Advancing Vietnam’s sustainable timber trade

In a Responsible Asia Forestry & Trade Partnership” programme signed recently between the World Wide Fund for Nature (WWF), TRAFFIC and RECOFTC, Vietnam will be assisted with carrying out legal and responsible timber trade.

The project aims to achieve sustainable afforestation, forest management and improve officials’ capacity. It is funded by he Australian Government through The Nature Conservancy organisation (TNC) and will run through March next year.

Divdided into two components, the project will focus on promoting sustainable plantation management based on international standards, and strengthening implementation of responsible and legal timber trade.

It also seeks to create basic awareness among the public, manufacturers and businesses to create a responsible timber market in Vietnam.

With this approach, it will provide permanent benefits to the environment and society while combating illegal trade in timber. In addition, it will also help to boost investment in environmental protection as well as enhance the reputation of the Vietnamese market.

Addressing the goals of the project, Lê Thiện Đức, forest programme coordinator of WWF-Vietnam, said, “The Vietnam Ministry of Agriculture and Rural Development has set a target that by 2020 at least 500,000 hectares of forests should be certified, but only 219,245 ha have been certified so far.”

In order to achieve the target, the project aims to have 3,000ha of forests certified as sustainable.

In addition, at least one significant policy for promoting sustainable forest management will be developed or modified while legal timber trade and transparency will be enhanced. A domestic market for certified forest products will also be created to address the issue.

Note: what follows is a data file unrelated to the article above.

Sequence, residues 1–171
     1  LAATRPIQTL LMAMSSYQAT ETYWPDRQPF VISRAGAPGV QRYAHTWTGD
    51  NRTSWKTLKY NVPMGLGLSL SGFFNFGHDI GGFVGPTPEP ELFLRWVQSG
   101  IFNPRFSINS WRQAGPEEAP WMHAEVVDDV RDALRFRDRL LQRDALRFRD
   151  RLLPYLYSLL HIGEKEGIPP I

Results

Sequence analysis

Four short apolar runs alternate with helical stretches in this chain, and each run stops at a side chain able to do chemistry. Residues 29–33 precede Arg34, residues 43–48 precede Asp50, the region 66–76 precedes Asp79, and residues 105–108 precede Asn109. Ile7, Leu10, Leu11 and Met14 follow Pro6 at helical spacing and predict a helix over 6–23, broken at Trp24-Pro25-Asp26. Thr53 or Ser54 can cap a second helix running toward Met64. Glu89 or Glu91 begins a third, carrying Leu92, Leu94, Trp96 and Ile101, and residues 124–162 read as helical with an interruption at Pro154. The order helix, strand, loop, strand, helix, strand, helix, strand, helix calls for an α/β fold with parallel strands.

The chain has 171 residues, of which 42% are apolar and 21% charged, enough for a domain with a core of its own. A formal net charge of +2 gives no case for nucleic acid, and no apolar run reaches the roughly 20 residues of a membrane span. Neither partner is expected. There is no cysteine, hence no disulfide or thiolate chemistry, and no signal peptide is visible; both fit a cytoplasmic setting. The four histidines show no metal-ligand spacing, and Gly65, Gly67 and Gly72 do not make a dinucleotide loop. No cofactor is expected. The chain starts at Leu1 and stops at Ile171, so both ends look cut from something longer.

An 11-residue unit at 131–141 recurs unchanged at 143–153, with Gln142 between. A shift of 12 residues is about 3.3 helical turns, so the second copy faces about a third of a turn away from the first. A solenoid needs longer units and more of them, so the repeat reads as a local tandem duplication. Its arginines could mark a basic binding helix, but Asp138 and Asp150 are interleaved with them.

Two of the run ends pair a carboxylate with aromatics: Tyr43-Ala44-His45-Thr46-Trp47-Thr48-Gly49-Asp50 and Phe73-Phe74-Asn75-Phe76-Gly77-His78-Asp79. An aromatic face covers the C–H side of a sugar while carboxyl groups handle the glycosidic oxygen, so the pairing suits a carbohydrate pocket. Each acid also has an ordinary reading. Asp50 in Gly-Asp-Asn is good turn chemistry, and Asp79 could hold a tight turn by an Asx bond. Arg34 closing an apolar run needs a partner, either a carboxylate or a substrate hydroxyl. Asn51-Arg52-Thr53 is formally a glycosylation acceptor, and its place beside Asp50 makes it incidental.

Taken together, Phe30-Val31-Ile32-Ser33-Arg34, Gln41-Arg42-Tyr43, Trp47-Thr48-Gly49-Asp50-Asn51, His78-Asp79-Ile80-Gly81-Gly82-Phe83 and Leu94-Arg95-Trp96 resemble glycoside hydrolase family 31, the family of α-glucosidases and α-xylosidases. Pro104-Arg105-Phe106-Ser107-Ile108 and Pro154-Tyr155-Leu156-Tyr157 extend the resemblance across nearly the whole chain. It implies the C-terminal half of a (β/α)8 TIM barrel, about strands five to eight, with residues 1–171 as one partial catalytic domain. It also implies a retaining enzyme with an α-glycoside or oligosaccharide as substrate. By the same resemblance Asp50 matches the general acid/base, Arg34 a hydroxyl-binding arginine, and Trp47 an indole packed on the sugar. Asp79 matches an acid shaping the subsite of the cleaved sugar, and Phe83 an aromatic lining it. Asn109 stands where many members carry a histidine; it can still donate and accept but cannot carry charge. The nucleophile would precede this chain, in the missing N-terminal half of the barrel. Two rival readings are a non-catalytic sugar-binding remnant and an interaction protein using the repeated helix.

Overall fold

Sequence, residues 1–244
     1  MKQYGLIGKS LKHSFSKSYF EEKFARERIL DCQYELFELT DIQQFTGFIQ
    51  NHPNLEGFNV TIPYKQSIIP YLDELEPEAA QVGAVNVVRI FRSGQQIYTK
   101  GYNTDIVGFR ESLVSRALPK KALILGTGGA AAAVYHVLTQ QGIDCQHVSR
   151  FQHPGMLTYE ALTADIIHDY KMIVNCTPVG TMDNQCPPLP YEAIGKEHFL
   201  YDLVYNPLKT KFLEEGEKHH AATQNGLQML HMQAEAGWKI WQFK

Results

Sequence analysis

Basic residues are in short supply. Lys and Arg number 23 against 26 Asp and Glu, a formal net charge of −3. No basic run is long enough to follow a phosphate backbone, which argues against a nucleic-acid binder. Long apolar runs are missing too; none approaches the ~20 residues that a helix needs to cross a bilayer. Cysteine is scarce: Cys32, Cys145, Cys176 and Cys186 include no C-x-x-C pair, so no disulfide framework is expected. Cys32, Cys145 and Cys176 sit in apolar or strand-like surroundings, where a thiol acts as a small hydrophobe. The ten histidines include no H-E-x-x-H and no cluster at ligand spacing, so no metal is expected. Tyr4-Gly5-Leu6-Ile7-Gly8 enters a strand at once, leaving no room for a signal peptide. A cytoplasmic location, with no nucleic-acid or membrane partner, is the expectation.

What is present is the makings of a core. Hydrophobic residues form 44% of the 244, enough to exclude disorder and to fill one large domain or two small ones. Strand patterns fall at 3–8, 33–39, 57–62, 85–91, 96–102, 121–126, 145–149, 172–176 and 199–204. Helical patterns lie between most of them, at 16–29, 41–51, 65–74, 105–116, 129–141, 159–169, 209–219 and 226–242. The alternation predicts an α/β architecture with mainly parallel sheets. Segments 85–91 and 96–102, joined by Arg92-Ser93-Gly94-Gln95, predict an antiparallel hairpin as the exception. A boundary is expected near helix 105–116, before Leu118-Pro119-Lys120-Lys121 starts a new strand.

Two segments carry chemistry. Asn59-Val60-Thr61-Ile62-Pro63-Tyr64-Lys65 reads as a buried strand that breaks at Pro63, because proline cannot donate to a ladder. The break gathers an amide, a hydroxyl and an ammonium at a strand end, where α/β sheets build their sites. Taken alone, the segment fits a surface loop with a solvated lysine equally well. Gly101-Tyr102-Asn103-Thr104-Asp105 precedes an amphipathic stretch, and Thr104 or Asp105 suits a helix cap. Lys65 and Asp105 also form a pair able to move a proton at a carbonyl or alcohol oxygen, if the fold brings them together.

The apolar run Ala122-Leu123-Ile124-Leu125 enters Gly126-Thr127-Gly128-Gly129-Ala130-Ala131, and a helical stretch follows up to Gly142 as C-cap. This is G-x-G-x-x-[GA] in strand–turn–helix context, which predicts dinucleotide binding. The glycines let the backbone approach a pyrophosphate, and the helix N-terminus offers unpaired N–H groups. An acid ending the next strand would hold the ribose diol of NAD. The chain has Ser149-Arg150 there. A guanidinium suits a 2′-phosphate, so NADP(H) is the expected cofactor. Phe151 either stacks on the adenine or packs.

Potential forest areas will be identified for certification by other programmes or will be certified by the government while a manual on forest certification and sustainable forest management will be created.  In addition, there’ll be a review and modification to the policies to promote sustainable forest management.

These activities are expected to bring social and environmental benefits to the people living near forests and forestry workers by reducing illegal logging and conserving the forests.

The FLEGT action plan (Forest Law Enforcement, Governance and Trade Forest Products) developed by the EU in 2003, requires timber-producing countries to prove the legal origin of their timber and timber products. As the EU is one of the main import markets for Vietnamese wood products, Vietnam would need to comply with this. 

Although there is CITES and the Decree on Management of Endangered, Precious and Rare Forest Plants and Animals, there is no definitive list of timber species that cannot be traded. Hence, the difficulties in managing timber trade and the need to build a structure among Vietnamese wood enterprises to classify and identify legal timber.

The Responsible Asia Forestry & Trade partnership brings together the skills and knowledge of seven leading nature conservation organisations.

The partnership assists governments, businesses and communities to achieve higher standards in natural forest and plantation management and commodity trade.

Source: Vietnam News